In another a few months’ time, we are tying the knot. I am feeling both excited and anxious because planning a wedding isn’t as easy as I thought.
We started planning for our wedding a year ago but things came to a halt due to COVID-19. Prior to the pandemic, we were just merely scouting for venues and have not finalised anything yet. You could say that we were really fortunate because we hadn’t booked anything yet. We have heard stories from brides and grooms who would have to forgo their deposits or cancel their wedding and ended up making a loss because of the situation. Some had to fight hard to recoup their losses. It was really tough for some of them. I am just thankful that Sam and I did not have to postpone or cancel our wedding date.
1. It’s not really a bad thing to have a wedding after COVID-19.
However, we still have to comply with the safe management measurements and regulations as put forth by the government. We still have to practise social distancing and wear masks. Weddings are now limited to 100 attendees but have to be split into zones of 50 people. On hindsight, it’s not such a bad thing after all. I personally prefer smaller weddings. So I guess COVID-19 makes a great excuse for small intimate weddings.
Even though the government has allowed for bigger gatherings, we are only allowed to intermingle within our ‘wedding party of 20 people’. As such, we decided to invite only our immediate family members along with a couple of relatives and friends. We might invite more people if the situation allows. But as for now, I am glad that I am able to plan for a simple wedding. The smaller, the better. I would rather spend little for the wedding and more for our future home or travels.
2. We don’t have to follow all the wedding customs and traditions.
I am for simplicity but I understood that there are some wedding customs which we have to follow because they reflect our culture and beliefs.
Since both my fiancé and I are Chinese, we were asked to follow some of the Chinese wedding traditions. Thankfully, our parents are fine with us forgoing some of the traditions like wedding gate crash and exchange Chinese betrothal gifts. However, the groom’s side would like us to have a couple of the traditional customs such as fetching the bride to the groom’s place and having a tea ceremony with the elders. Since our wedding was solemnised by a church pastor, we also have to follow some of the Christian wedding customs as proposed by the church. This includes the lighting of the unity candles.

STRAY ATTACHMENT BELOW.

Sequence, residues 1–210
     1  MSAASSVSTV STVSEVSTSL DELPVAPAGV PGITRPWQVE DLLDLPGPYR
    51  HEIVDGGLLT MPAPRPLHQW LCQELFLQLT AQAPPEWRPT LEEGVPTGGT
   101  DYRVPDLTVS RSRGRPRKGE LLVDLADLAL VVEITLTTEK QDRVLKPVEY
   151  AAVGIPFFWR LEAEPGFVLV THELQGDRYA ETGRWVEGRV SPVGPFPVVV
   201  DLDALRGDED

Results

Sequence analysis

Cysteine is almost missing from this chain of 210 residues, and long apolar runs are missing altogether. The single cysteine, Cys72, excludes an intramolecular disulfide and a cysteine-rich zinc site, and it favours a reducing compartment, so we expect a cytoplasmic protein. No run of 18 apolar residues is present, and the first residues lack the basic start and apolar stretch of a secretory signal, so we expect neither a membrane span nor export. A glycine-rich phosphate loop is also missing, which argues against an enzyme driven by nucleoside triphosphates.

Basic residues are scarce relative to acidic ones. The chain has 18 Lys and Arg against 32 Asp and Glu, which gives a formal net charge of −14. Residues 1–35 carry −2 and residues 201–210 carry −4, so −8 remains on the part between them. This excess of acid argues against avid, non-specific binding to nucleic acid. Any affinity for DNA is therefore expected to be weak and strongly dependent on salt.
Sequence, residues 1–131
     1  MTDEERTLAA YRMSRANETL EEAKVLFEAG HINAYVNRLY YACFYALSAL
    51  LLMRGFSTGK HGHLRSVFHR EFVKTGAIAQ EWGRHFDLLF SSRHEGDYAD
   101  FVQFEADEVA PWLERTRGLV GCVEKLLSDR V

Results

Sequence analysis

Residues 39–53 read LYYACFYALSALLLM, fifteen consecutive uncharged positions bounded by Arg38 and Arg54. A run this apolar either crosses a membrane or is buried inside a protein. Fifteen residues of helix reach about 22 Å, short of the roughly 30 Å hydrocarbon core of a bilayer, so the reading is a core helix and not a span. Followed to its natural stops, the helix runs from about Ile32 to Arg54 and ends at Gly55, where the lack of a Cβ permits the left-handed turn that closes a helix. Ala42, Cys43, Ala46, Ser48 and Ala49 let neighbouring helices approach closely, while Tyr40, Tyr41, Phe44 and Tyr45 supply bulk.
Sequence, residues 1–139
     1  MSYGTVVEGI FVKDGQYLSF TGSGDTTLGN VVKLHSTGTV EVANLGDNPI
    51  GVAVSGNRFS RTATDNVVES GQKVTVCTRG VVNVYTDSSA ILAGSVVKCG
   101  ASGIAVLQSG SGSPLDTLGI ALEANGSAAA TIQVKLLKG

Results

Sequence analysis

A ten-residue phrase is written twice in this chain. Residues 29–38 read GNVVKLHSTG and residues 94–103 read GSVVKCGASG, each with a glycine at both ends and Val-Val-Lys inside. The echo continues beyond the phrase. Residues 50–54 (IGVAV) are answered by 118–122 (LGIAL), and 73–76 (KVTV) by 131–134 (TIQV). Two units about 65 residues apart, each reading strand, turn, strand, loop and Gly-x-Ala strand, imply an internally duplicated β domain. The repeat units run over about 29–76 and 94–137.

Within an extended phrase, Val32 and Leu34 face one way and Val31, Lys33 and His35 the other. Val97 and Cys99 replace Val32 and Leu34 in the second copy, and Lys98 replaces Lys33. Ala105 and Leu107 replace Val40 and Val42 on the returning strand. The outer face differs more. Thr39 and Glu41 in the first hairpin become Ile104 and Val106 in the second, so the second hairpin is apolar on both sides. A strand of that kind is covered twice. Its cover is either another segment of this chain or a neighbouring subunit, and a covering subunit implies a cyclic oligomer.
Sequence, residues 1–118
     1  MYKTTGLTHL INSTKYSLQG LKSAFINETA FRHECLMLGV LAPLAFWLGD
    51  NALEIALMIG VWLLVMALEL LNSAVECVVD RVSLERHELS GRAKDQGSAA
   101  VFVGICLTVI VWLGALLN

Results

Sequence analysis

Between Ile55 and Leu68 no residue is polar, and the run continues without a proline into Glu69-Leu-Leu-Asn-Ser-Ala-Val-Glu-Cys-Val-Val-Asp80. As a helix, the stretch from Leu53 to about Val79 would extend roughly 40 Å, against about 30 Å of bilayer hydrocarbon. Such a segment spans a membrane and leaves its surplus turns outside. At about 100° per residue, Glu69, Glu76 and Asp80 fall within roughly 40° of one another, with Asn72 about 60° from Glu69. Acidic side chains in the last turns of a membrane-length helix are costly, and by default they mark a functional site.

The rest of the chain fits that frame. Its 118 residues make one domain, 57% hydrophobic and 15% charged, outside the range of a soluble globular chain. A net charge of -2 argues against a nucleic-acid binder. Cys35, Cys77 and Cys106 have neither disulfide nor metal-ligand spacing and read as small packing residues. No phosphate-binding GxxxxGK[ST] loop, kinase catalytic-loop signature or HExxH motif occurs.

I guess some traditions are practised and followed because they signify something important and meaningful. For instance, the use of Unity candles symbolises the union between two people in a marriage. This symbolic act reminds a couple of why they are getting into a marriage in the first place and what it means to be in a union, before the eyes of God.
3. There will be some disagreements but it’s totally fine.
I thought our wedding preparation would be a breeze because both of us are quite easy-going and preferred a more western-style kind of wedding. And who knew that there will be friction during our wedding planning process? We disagree on many things and to make matters worst, our parents also wanted to have a say in our wedding. At the end of the day, we have to keep reminding myself to focus on our relationship and love for each other. We just have to give in to each other and talk it out.
4. Every bride has some degree of ‘Bridezilla-ness’ in them.
I am not very particular person or a perfectionist who wants everything to be perfect but I do want everything to be as simple as possible. And that itself is a reason why I do have my ‘bridezilla’ moments.
I believe that most weddings are largely planned by the brides because most women are better with planning and have an eye for details. With that God-given trait, I took the initiative to dive right into the wedding planning process and assigned a few tasks to my fiancé. But because I have to look into so many aspects of the wedding, I started to get a little stress out without knowing. And that’s when the ‘bridezilla’ in me starts showing up.
I only started to let go after my fiancé quipped that I tend to snap quite easily at him. That’s when I realised that I should take a step back and trust that things will go as smoothly even though things may not go as planned.
5. You can make your wedding preparation fun and meaningful.
Instead of focusing on the actual wedding day itself, why not focus on having fun with the preparation process? The thought of planning a wedding can be daunting but if you see it as a fun project where you get to learn about each other better, it may not be as overwhelming as you think. Have fun while you venture out to meet vendors and view places. I try to infuse all these tasks as part of our weekly dates and only limit our wedding discussions to Wednesdays evening so that our conversations don’t always have to centre around the wedding.
This whole wedding planning made me realise how easy it is for us to derail and lose focus if we focus on the difficulties and our negative emotions. If we can emerge stronger through this ‘project’, it will be a good head start to our marriage.